On December 6, 2021, the Biden administration announced a diplomatic boycott of the upcoming Winter Olympic Games in Beijing, scheduled for February 4-20. The US has accused China’s government of genocide and crimes against humanity, citing evidence from the Xinjiang province, where millions of Uyghurs have been subject to internment, “re-education,” forced labor, and sterilization. In the days following the US’s announcement, Britain, Canada, and Australia joined the boycott as well.
The move marks the first significant Olympic boycott of any kind since 1984, when the Soviet Union refused to attend the Summer Olympics in Los Angeles, and the first US boycott since the 1980 Summer Olympics, when US president Jimmy Carter led a full boycott against the games held in Moscow. As the countdown to the 2022 Games continues, here are five things to know about the diplomatic boycott, according to SIS professor Robert Kelley.
- What exactly is a “diplomatic boycott”?
- According to the White House, no official representatives from the US government will attend the Beijing Games. However, this does not amount to a full boycott in which the athletes and coaches do not participate, so the full squads of all boycotting nations, in this instance, still plan to be in Beijing. The reason for doing it this way is to achieve the poignancy of a boycott without punishing the actual participants. It seeks to offset this latest attempt by China to showcase itself on the global stage and enhance its soft power with a counternarrative of shame.
- Do Olympic boycotts work?
- As expressions of grievance, they can be pretty powerful, if also sobering, exploitations of the Olympic movement, whose guiding principles denounce politicization of the Games. That spirit of idealism has not stopped countries from using Olympic boycotts to heighten the visibility of raging conflicts or cast judgment on the egregious behavior of others, as the United States and many others did in protest of the 1980 Moscow Games after the Soviet Union invaded Afghanistan. Meanwhile, one of the sad legacies of the infamous “Nazi Games” of 1936 in Berlin is why anyone didn’t boycott those. In any respect, the power of boycotts is measured by its strength in numbers, and numbers are driven to a large extent by a compelling cause.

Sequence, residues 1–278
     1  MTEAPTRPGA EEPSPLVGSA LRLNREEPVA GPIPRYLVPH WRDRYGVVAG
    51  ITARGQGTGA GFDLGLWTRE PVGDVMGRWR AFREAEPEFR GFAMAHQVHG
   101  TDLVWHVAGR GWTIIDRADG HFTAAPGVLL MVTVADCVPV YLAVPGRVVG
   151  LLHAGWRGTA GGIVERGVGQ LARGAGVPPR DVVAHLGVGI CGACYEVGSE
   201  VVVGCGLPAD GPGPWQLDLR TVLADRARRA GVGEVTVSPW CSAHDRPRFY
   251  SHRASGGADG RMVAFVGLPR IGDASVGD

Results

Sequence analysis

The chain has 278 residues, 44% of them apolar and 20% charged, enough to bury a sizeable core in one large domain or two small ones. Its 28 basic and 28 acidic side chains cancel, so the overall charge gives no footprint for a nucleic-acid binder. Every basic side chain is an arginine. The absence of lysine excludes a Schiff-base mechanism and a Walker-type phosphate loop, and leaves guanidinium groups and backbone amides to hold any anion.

- Then why do it?
- As this particular boycott is diplomatic in nature, it may be better to conceive of this as a framing contest—one’s way of interpreting the meaning of an event in sharp contrast to the way of one’s adversary. This places the action more appropriately within high politics and the conduct of diplomats. Nothing would validate the boycotting parties more than the rebranding of the Beijing Winter Olympics as the “Genocide Games.” At the same time, there are no illusions that China will change its approaches to Taiwan or the Uyghurs as a result.
- How has China responded?
- For its part, Beijing has said “no one cares” about the boycott and maintains the protesting politicians weren’t invited anyway. It’s a defiant message and one that plays particularly well at home—always a consideration when outsiders try to read into China’s political maneuvers. In one sense, this merely reinforces China’s self-positioning as a rival to the West, and dissention among the West about the boycott is a sign that China is prevailing over the argument. Beyond China, the tepid response emboldens the contention that this is all a feeble form of repudiation—all symbolic and no substance.
- So why does China pay it any attention?
- Make no mistake, this is not the story China wants to talk about in the buildup to February. China would not have lobbied this hard for successive Games if appearances didn’t matter. Being the face-conscious culture that it is, China harbors an unrelenting desire to be seen as a palatable alternative, if not superior to, the Western order. One can easily see China’s ambitions and desired optics wrapped into its Olympic achievements as their preferred kind of direct-to-consumer marketing.